You Should Understand Mortgage Prepayment Penalties

Published: April 29, 2013 Last updated: July 21, 2020 at 12:25 pm

Banks Often Take Advantage of Unsuspecting Customers With Unreasonable Prepayment Penalties

Closed mortgage penalties are typically the greater of three months’ interest or the interest rate differential (). It is the which continually catches unsuspecting consumers unawares. If rates have risen markedly since you arranged your mortgage, there may be no need for an calculation. But as we all know, rates have been very low for years now, and as a result the three months’ interest clause rarely applies – usually only with variable rate mortgages.

I have no problem with the theory behind IRD. Say you contracted to pay 2.99% for five years, commencing June 2012. The bank booked this business, and they could predict their interest income on this money for the next five years.

But suppose you now have to break your contract in April, 2013, the bank should be ‘made whole.’ In other words,  You should be charged the difference between what you agreed to pay, and what the bank can now earn. That’s IRD.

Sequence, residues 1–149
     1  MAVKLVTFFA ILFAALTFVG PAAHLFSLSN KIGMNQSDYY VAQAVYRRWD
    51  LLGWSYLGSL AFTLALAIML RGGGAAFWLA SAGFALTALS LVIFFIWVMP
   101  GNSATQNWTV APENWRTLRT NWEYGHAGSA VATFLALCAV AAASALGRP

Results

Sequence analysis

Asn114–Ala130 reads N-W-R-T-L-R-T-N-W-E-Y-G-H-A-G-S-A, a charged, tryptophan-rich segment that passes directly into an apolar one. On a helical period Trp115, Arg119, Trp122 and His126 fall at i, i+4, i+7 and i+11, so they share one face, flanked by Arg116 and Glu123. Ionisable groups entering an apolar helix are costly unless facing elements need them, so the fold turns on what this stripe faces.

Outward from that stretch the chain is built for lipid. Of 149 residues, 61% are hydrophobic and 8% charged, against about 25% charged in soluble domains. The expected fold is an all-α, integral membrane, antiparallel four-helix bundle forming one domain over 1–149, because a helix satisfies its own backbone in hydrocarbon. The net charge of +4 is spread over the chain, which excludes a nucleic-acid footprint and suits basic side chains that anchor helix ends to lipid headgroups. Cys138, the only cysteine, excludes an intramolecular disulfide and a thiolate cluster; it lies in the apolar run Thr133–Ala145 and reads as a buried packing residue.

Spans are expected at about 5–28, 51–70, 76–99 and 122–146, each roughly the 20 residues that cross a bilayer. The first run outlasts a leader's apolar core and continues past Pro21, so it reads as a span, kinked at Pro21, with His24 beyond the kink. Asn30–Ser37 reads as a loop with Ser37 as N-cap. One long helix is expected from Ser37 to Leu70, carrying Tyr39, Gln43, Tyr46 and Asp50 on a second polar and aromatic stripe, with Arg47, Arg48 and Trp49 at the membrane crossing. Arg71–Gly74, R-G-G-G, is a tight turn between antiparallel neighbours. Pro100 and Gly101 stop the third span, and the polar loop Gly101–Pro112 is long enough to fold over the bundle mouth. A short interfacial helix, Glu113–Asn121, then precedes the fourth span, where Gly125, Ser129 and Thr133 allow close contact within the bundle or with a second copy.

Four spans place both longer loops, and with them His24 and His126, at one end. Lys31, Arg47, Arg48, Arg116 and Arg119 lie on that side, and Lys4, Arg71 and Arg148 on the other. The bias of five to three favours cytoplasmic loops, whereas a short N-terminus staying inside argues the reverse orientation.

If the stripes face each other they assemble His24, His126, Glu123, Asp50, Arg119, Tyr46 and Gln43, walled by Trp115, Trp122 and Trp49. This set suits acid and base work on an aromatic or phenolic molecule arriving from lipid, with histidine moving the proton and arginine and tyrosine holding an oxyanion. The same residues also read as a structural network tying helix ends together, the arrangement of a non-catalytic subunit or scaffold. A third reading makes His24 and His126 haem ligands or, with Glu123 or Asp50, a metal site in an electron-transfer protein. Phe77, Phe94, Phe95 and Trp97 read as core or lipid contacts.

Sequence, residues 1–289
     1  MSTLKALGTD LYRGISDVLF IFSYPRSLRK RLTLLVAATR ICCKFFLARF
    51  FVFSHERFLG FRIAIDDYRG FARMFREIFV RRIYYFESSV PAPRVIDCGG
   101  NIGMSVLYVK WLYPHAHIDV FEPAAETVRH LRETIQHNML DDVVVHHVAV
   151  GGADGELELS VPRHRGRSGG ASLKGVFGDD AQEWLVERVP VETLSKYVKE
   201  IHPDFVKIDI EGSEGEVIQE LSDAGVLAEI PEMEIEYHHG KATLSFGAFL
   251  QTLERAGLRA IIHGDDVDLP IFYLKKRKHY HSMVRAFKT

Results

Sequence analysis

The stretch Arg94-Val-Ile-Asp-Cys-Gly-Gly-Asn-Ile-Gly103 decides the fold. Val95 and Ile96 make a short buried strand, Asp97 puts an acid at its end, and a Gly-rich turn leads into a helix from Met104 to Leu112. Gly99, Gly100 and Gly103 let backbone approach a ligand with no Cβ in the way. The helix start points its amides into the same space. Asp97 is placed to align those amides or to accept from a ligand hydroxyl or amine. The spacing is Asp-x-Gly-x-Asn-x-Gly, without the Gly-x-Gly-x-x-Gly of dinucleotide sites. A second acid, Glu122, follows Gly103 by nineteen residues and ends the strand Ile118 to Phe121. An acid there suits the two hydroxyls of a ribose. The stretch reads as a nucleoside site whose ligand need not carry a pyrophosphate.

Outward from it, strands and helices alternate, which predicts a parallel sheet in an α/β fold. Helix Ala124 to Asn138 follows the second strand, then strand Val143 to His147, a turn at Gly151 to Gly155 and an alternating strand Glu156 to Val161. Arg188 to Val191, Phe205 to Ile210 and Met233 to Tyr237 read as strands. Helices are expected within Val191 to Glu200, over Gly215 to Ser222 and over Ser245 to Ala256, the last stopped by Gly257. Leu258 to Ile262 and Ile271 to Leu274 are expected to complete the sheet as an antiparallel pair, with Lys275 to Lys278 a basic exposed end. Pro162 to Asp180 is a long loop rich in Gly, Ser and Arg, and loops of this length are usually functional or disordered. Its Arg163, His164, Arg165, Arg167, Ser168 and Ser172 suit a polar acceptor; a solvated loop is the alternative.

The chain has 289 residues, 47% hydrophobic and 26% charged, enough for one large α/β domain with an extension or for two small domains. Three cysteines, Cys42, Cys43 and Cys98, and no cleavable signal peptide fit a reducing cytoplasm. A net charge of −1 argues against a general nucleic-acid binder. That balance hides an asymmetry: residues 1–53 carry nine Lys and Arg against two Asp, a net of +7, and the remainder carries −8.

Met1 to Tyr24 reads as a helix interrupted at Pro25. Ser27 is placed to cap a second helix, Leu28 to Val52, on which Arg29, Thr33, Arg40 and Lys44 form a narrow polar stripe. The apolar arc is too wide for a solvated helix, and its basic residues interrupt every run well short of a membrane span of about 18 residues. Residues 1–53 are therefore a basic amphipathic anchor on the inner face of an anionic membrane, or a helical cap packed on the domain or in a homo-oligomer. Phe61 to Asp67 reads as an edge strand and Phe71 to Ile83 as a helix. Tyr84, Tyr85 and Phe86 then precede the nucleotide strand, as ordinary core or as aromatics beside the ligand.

As it happens, nothing much has changed since June 2012; the bank can still lend your money out at 2.99%. But there is not a standardized way of calculating IRD. It can be very confusing, even for some mortgage specialists. Take a look at the mortgage rates for any major chartered bank on their website. Their presentation is pretty similar. Here’s one:

Five year term – you can arrange a five year mortgage at 2.89%. Their ‘posted rate’ however is 4.99%. So the bank’s position is they are ‘giving you’ a 2.1% discount as a valued customer. The reality is if they did not give you their best available rate of 2.89%, you would take your business elsewhere.

Many people think the posted rate is simply for chumps who meekly accept the posted rate, particularly at renewal time, without realizing a much lower rate is there for the asking. This is not so much the case these days; there are rarely stupid consumers anymore, in this enlightened information age.

But the posted rates do allow certain lenders to take advantage of their customers if they choose to break their mortgage mid- term. In my experience as a mortgage agent, most of the lenders I see with reasonable prepayment policies are not chartered banks. So be careful out there.

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